It is crucial to review client information carefully to search for fraudulent activities. Red flags include incorrect invoicing and shipping information call for further investigation. Even while high-value and speedy shipment from unknown purchasers isn’t necessarily a sign of fraud, double-checking the information may help a company save time, money, and reputation.

Businesses should also keep an eye out for tiny transactions that happen quickly one after the other since this is a certain sign of card testing. To avoid this kind of fraud, transaction processing must be stopped and no merchandise must be shipped.

●    Provide responsive and helpful customer service

The first step in combating friendly fraud is to offer attentive and helpful customer service. Additionally, ensuring that payment descriptors are obvious and coincide with the company name can assist stop friendly fraud started by perplexed clients. Maintaining a record of repeat offenders and ceasing business with them may also be important if this kind of fraud is common.

●    Card Security Features

To stop fraudulent activity, credit card networks have created a number of security mechanisms. These consist of:

  • Address Verification Service (AVS): Using the cardholder’s registered address, the Address Verification Service (AVS) may verify the cardholder’s identification. The address is verified using the bank’s files.
  • 3-D Secure (3DS): A security measure that asks customers to input a code to finish a transaction. Under various names, such as Visa Secure (Visa), SecureCode (Mastercard), or SafeKey, several card issuers provide the service (American Express).
  • CVV: A CVV, or Card Verification Value, is a three-digit number that may be found on credit and debit cards. Its purpose is to confirm that the card was actually in the customer’s possession when the transaction took place.

●    Risk scoring

A common risk management technique called risk scoring makes use of rules to evaluate risk. They aid in the formation of educated hypotheses on certain user activities. For instance, you may use a risk score to decide whether or not to authorize payment on your website.

Risk scoring frequently uses heuristic criteria, commonly referred to as heuristics, for the identification of credit card fraud. They are shortcuts made to use if-then logic to offer quick conclusions. Companies with limited resources could opt to use an off-the-shelf solution. Whitebox systems are typically prefered by those that have a dedicated risk management team since they allow for more customization and flexibility.

●    Data Enrichment

Verifying clients without raising friction is the main problem that businesses facing detecting fraudulent credit card payments must overcome. Customers will churn if there are too many barriers between them and their purchases, at which point they will shift to your rivals.

Because of this, data enrichment is among the most fascinating and useful methods for establishing identification. It’s an imperceptible layer of protection that functions by obtaining additional data from a single data point. For instance:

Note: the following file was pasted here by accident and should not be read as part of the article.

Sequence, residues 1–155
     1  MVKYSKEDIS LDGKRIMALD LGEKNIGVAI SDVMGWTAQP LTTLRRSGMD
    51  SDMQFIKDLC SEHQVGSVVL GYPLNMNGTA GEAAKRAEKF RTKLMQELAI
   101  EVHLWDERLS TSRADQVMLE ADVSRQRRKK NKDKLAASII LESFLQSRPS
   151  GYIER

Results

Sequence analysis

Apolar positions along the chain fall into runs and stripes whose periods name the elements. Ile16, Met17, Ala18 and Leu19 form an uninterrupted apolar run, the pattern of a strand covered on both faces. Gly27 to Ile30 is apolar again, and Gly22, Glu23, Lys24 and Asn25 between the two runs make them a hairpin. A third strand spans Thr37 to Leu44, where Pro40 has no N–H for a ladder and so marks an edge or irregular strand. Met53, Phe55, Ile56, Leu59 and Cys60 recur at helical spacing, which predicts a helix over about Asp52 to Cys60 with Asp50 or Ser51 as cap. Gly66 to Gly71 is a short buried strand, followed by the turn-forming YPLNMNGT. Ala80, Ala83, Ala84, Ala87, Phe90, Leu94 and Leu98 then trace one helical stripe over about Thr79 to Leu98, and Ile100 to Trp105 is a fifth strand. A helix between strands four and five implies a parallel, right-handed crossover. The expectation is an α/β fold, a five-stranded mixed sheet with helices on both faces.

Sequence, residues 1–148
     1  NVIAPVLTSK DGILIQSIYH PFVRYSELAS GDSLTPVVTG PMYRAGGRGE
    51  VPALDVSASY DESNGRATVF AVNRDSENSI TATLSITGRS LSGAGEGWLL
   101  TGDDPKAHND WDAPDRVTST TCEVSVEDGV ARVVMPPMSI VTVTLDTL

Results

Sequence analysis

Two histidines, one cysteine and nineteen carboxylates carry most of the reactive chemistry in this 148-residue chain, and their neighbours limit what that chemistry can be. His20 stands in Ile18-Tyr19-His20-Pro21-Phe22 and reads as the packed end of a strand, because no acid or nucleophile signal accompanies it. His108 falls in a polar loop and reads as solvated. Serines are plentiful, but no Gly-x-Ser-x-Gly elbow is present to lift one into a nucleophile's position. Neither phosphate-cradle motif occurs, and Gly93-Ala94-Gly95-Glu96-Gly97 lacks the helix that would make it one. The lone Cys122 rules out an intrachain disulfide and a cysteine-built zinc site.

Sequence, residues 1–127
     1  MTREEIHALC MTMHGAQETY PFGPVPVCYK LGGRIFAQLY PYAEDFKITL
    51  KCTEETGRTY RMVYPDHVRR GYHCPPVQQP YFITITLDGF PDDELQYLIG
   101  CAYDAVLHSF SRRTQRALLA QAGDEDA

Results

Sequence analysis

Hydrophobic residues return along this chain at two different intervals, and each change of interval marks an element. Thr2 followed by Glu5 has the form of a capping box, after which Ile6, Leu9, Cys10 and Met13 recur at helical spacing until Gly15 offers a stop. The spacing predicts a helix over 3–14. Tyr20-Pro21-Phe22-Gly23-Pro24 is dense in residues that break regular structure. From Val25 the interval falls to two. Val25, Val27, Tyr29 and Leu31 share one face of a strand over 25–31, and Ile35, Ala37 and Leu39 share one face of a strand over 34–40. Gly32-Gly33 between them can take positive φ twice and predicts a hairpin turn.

• Device fingerprinting: Determine whether the user has previously connected to your site using the same device. Do they intend to forge their connection information?
  • IP analysis: Is the connection coming from a Tor node, a VPN, or another dubious proxy?
  • BIN lookup: Check the BIN to see if the credit card is the proper one. Would having a prepaid card, for instance, make sense for a consumer in APAC?
  • Checking social media in reverse: Was the phone number or email address previously used to sign up for a social media website? Does the user bio seem to match the information about the transaction?

How to avoid credit card fraud

There are several things you can take to lessen your chance of falling victim to credit card theft. This include:

  • When making purchases, keep your card close to you at all times since you never know whether it has been cloned or tampered with.
  • If someone calls you without your permission, use caution. That includes avoiding any unforeseen phone calls, letters, emails, or knocks at the door.
  • Never divulge private information or login information, such as your PIN or password.
  • Chop up old credit cards, making sure you cut through the chip and magnetic strip.
  • Ensure that the software on your computer and mobile device is up to date.
  • Always use strong passwords and don’t use the same password for multiple accounts. You should also change your passwords regularly.
  • Double-check that the card companies you’re dealing with are legitimate before making payments.
  • Use private Wi-Fi only when necessary. Utilizing connections at home, where they are not frequently utilised by many people, is safer. Your phone’s data internet connection is frequently safer than those at coffee shops and restaurants.
  • Utilize safe websites. By examining the web address’s beginning, you may identify sites that are more secure. Those that begin “https” are safer than those that begin “http.”
  • Never use a public computer without first logging out of your bank and online accounts.
  • Keep an eye on your posting. Speak with the company that sent you the bank statement or official document if it hasn’t arrived when you were expecting it.
  • If you relocate, make sure your mail is redirected so that it can find you.
  • Avoid throwing letters in the trash since they are simple to recover and can be used to steal your identity. Use a shredder or a designated confidential container.
  • Use caution while posting on social media. Remember that posts are frequently available by anybody, from anywhere, so if you publish any personal information—such as your date of birth—it might be the final piece needed to pass for you.

The Bottom Line

Credit card fraud has been a major issue ever since the first credit cards were issued. There are a number of different ways that fraud is committed. Some forms of credit card fraud are fairly easy to spot, but others are much harder to detect. Overall, be smart when using your credit card, read any and all fine print, check your credit card statements frequently to make sure your account has not been tampered with and most importantly, report fraud immediately.

Author’s Bio:

Marjorie Hajim

Marjorie Hajim is the SEO Manager for Friendly Finance. Friendly Finance is a leading loan matching service in Australia specialising in consumer finance. She loves growing businesses focusing on their online presence and is passionate about organic growth and all things digital. She has written articles for Is it Vivid, EcommerceFastLane, Money Visual, & many more!